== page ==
Influence of microclimate and species interactions on the composition of plant and invertebrate communities in alpine northern Norway


Rae, D.A., Armbruster, W.S., Edwards, M.E. and Svengård-Barre, M. (2006) Influence of microclimate and species interactions on the composition of plant and invertebrate communities in alpine northern Norway. Acta Oecologica, 29, (3), 266-282. (doi:10.1016/j.actao.2005.11.007).

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Description/Abstract

We assessed the effects of both biotic processes and abiotic factors on the community
composition of vascular plant species and invertebrates at a site in northern Norway.
Plant species were assigned to functional (woody versus herbaceous) and biogeographic
(boreal versus alpine) groups. Invertebrate species were classified as either herbivore or
predator. When species interactions and effects of the abiotic environment were partitioned,
boreal species appeared to influence the distribution of alpine species and woody
species the distribution of herbaceous species. Analysis of partial correlations indicated
that facilitation was the dominant mode of interaction between the two pairs of plant
groups. Among abiotic factors, the thermal environment probably influenced all components
of the plant and invertebrate communities, except for predatory invertebrates, and
wind appeared important in determining the composition of woody and alpine components
of the plant community but not the herbaceous component. The composition of
the boreal component of the plant community apparently influenced the composition of
all invertebrate communities, except for predatory invertebrates. The composition of the
woody component of the plant community influenced the composition of both herbivore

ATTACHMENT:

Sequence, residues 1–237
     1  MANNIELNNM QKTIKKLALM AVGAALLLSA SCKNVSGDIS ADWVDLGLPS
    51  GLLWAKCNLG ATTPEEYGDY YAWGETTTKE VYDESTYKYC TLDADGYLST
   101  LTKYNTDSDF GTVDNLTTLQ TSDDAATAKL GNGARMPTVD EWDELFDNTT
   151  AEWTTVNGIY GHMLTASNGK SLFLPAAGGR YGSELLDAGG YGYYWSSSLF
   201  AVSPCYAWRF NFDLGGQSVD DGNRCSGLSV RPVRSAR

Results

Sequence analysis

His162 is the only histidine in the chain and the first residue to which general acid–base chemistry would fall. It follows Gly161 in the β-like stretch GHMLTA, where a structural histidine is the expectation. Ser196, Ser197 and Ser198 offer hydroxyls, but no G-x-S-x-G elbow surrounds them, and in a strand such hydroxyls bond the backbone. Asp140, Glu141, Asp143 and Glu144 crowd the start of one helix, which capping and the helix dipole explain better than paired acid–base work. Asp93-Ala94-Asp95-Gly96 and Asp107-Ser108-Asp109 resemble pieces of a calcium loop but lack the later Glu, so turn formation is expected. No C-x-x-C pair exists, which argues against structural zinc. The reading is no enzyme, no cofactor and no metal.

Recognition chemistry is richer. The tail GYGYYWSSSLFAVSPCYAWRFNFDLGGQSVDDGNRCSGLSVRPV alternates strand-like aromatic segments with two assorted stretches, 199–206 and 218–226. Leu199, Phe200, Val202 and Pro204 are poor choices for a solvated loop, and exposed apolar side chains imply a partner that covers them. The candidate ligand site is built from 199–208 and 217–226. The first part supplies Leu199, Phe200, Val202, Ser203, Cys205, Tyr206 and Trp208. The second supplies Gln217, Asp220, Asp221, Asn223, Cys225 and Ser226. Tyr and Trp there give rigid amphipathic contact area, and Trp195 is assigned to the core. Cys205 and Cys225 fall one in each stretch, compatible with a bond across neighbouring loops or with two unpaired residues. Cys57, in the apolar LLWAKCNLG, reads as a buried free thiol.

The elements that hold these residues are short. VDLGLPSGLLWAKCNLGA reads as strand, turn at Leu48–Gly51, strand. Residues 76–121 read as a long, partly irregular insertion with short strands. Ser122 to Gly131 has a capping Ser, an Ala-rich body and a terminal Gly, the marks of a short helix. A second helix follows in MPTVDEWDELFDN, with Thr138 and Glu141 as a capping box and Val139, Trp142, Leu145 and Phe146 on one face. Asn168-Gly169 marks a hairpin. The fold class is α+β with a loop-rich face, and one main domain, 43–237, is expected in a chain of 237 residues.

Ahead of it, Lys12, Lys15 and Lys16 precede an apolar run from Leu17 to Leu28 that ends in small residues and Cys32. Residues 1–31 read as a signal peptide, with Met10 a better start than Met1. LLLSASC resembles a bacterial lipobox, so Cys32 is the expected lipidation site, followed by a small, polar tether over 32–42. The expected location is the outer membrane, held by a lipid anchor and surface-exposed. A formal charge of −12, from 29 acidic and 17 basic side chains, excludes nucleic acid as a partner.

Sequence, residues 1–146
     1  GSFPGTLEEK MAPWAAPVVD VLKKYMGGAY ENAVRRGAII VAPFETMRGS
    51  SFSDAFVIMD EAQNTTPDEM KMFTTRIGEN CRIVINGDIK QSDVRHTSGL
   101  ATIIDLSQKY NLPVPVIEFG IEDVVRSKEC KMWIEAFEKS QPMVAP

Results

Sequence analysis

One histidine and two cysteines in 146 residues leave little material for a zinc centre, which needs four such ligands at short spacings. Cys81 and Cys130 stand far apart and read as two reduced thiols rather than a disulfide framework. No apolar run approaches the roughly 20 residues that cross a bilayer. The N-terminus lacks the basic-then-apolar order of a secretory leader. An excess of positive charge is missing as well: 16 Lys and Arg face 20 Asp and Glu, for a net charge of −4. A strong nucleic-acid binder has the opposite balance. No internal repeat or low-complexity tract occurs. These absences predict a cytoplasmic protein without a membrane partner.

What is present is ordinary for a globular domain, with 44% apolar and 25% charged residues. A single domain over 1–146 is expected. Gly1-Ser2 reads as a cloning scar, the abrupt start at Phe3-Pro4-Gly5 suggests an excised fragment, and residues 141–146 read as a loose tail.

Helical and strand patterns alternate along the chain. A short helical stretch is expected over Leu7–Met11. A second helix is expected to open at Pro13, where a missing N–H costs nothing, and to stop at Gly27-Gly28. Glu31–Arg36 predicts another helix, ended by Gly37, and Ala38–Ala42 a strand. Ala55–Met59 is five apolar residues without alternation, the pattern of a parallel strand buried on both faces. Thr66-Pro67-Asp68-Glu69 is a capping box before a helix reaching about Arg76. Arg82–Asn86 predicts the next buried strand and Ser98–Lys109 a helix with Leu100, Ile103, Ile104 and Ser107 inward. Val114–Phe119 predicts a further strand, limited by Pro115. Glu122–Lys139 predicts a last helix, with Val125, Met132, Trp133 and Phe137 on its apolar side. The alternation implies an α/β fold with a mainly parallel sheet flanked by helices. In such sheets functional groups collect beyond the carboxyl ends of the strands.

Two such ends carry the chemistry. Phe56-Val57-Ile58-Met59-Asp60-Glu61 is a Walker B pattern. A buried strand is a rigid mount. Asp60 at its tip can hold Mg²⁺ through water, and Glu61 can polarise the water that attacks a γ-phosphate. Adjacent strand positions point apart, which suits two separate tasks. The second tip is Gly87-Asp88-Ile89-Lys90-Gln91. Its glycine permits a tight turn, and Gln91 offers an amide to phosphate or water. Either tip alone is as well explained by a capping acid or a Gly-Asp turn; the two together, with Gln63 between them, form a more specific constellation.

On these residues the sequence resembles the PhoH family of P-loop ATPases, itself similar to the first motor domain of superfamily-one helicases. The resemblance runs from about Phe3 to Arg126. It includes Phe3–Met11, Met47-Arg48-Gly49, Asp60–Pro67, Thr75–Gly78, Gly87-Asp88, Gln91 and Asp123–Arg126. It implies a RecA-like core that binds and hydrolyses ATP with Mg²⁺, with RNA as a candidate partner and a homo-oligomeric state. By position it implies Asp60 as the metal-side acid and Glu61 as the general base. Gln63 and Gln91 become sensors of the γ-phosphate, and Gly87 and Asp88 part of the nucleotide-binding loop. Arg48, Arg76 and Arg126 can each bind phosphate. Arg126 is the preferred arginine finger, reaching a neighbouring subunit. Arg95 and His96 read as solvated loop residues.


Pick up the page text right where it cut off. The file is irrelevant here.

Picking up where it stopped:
and predator communities. The alpine plant-community composition influenced predatory
invertebrate community composition. Woody plant community composition influenced
the composition of both herbivore and predator communities. Our analytic approach,
based on two kinds of structural equation models (d-separation and path
analysis), provides a useful method for identifying the biotic as well as abiotic factors that
influence community structure.

Item Type: Article
ISSNs: 1146-609X (print)
Related URLs:
Keywords: arctic, boreal, competition, d-separation, invertebrate communities, microtopography, Norway, microclimate, path analysis, plant communities Plant functional types Radiation Tundra Invertebrate guilds
Subjects: G Geography. Anthropology. Recreation > G Geography (General)
G Geography. Anthropology. Recreation > GE Environmental Sciences
G Geography. Anthropology. Recreation > GB Physical geography
Divisions: University Structure - Pre August 2011 > School of Geography > Environmental Processes and Change
ePrint ID: 55277
Date Deposited: 01 Aug 2008
Last Modified: 27 Mar 2014 18:38
URI: http://eprints.soton.ac.uk/id/eprint/55277

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